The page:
The use of corticosteroids in active infection goes against the classical teaching. Some authors do not recommend the use of corticosteroids in the presence of infection [14],[15]. However others recommend the use of corticosteroids and they do not report any complications [16],[17]. We administered IV corticosteroids for 48 hours in all of our patients without any untoward effects. Liu et [18] believe that early diagnosis and appropriate medical treatment and / or surgical intervention can achieve good results. Botting et al [7]recommend that in the absence of acute visual compromise or other signs of disease progression, initial management with intravenous antibiotics for 48 hours is advised . Caversacccio et al [1] believe that orbital cellulitis should be treated primarily with surgery. Uy and Tuano [19] consider ampicillin and flucloxacillin as a suitable regime in cases of children. Ferran et [20] treated 69% of their patients with a single antibiotic. In another report 2 out of 25 patients did not respond to medical treatment and needed surgery [2].

It is controversial whether medical management is adequate for orbital infection [21],[22]. Garcia and Harris [19] suggest a balance between securing adequate time for clinical response to I.V antibiotics and minimizing the risk of progression to complications .


  Conclusion Top


Orbital cellulitis is a dangerous disease that requires prompt and effective therapy. Conservative medical management plays a great role in the treatment and avoidance of surgical intervention. The addition of I.V corticosteroids at the very onset of treatment has a role to play.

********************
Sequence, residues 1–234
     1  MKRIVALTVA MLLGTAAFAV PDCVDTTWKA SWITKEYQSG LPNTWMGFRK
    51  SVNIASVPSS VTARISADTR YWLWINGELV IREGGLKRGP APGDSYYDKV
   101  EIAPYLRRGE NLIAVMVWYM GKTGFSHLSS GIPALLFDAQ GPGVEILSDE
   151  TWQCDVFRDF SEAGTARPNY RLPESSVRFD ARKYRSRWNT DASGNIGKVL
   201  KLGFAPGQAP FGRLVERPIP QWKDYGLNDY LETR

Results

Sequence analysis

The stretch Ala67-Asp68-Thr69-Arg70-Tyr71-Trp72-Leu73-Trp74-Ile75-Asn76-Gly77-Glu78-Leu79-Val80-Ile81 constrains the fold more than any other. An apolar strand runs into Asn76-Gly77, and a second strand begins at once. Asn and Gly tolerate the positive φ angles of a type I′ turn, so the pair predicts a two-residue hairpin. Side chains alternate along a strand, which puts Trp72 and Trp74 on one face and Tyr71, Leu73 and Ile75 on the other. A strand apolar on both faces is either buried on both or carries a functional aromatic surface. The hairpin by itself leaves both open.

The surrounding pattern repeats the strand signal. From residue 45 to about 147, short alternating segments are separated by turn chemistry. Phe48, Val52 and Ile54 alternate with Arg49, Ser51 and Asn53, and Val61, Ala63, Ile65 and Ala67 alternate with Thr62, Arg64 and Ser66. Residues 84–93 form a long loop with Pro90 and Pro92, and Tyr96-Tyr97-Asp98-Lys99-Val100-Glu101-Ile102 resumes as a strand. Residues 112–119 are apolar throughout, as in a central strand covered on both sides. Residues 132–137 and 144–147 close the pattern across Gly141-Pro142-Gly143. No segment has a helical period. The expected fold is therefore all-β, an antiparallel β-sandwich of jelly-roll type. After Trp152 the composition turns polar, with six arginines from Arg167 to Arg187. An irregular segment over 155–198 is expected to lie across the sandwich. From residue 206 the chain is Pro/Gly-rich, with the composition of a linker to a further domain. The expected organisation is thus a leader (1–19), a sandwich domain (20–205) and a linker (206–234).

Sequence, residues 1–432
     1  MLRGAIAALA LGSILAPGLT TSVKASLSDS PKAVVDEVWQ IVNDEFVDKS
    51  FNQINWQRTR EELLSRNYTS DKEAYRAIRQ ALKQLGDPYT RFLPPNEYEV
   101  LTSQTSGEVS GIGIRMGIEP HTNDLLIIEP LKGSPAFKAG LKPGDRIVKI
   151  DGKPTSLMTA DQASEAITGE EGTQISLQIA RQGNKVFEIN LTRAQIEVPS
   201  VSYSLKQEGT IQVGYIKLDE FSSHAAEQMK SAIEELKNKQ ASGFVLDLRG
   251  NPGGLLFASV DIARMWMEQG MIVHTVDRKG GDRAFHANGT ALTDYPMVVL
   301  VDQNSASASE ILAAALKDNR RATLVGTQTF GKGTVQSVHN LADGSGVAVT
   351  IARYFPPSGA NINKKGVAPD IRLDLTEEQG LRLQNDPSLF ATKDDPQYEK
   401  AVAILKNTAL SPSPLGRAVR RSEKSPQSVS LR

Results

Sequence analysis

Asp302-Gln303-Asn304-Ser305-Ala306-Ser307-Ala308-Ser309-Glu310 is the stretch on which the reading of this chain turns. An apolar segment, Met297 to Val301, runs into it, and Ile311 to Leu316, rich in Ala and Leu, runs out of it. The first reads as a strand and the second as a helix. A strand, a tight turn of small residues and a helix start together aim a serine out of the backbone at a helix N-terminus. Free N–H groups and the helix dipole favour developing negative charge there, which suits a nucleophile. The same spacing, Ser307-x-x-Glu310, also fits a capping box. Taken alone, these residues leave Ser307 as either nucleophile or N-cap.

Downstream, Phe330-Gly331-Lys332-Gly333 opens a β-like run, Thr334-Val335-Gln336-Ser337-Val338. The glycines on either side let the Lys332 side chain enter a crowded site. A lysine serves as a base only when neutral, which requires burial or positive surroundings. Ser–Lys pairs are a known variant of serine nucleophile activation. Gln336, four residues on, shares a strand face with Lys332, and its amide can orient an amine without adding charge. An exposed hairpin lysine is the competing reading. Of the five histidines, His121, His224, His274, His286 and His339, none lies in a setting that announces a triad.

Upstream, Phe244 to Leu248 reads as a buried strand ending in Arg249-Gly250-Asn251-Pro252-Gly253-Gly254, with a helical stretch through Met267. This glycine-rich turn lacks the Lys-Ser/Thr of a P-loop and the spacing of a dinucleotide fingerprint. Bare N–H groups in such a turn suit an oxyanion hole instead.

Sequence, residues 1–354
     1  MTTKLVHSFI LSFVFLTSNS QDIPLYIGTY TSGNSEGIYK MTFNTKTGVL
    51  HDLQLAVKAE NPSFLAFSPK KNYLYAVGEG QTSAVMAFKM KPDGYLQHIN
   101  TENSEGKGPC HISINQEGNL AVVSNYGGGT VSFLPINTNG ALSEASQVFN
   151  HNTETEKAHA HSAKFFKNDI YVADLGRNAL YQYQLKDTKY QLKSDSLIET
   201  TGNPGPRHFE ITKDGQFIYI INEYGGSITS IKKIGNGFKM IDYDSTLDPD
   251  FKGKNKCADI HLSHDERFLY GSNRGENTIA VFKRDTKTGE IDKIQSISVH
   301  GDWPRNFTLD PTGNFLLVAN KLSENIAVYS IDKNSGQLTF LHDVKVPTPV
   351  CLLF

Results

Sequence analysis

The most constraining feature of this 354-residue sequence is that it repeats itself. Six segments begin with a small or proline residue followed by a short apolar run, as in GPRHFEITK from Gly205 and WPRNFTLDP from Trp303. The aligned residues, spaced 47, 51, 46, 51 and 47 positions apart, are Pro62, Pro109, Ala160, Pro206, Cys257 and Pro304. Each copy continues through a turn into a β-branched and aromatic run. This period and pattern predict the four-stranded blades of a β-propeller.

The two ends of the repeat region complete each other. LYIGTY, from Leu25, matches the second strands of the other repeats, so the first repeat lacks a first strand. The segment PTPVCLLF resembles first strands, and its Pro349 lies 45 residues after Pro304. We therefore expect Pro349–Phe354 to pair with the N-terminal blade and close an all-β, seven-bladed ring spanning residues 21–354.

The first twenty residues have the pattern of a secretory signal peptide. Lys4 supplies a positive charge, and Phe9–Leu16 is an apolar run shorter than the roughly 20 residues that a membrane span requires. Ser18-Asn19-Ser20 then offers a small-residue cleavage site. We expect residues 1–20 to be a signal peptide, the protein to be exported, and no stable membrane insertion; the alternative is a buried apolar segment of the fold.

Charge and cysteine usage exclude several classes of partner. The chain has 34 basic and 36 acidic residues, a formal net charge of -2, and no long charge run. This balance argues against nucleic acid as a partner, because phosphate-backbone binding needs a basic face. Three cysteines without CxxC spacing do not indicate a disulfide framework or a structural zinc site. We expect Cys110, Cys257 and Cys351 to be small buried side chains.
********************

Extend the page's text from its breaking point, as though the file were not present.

References Top

1.
Caversaccio M, Heimgartner S, Aebi C. Orbital complications of acute pediatric rhinosinusitis: medical treatment versus surgery and analysis of the computer tomogram. Laryngorhinootologie. 2005;84(11):817-21.  Back to cited text no. 1
    
2.
Lusk R, Tychsen L, Park TS. Complications of sinusitis. Pediatric Sinusitis edited by R Lusk, New York: Raven Press; 1992, pp.127-46.  Back to cited text no. 2
    
3.
Mekhitarian Neto L, Pignatari S, Mitsuda S, Fava AS, Stamm A. Acute sinusitis in children: a retrospective study of orbital complications. Braz J Otorhinolaryngol. 2007;73(1):75-9.  Back to cited text no. 3
    
4.
Smith AT, Spencer JT. Orbital complications resulting from lesions of the sinuses. Ann Otol Rhinol Laryngol 1948;57:5-27.  Back to cited text no. 4
    
5.
Chandler JR, Langenbrunner DJ, Stevens ER. The pathogenesis of orbital complications In acute sinusitis. Laryngoscope. 1970; 80:1414-28.  Back to cited text no. 5
    
6.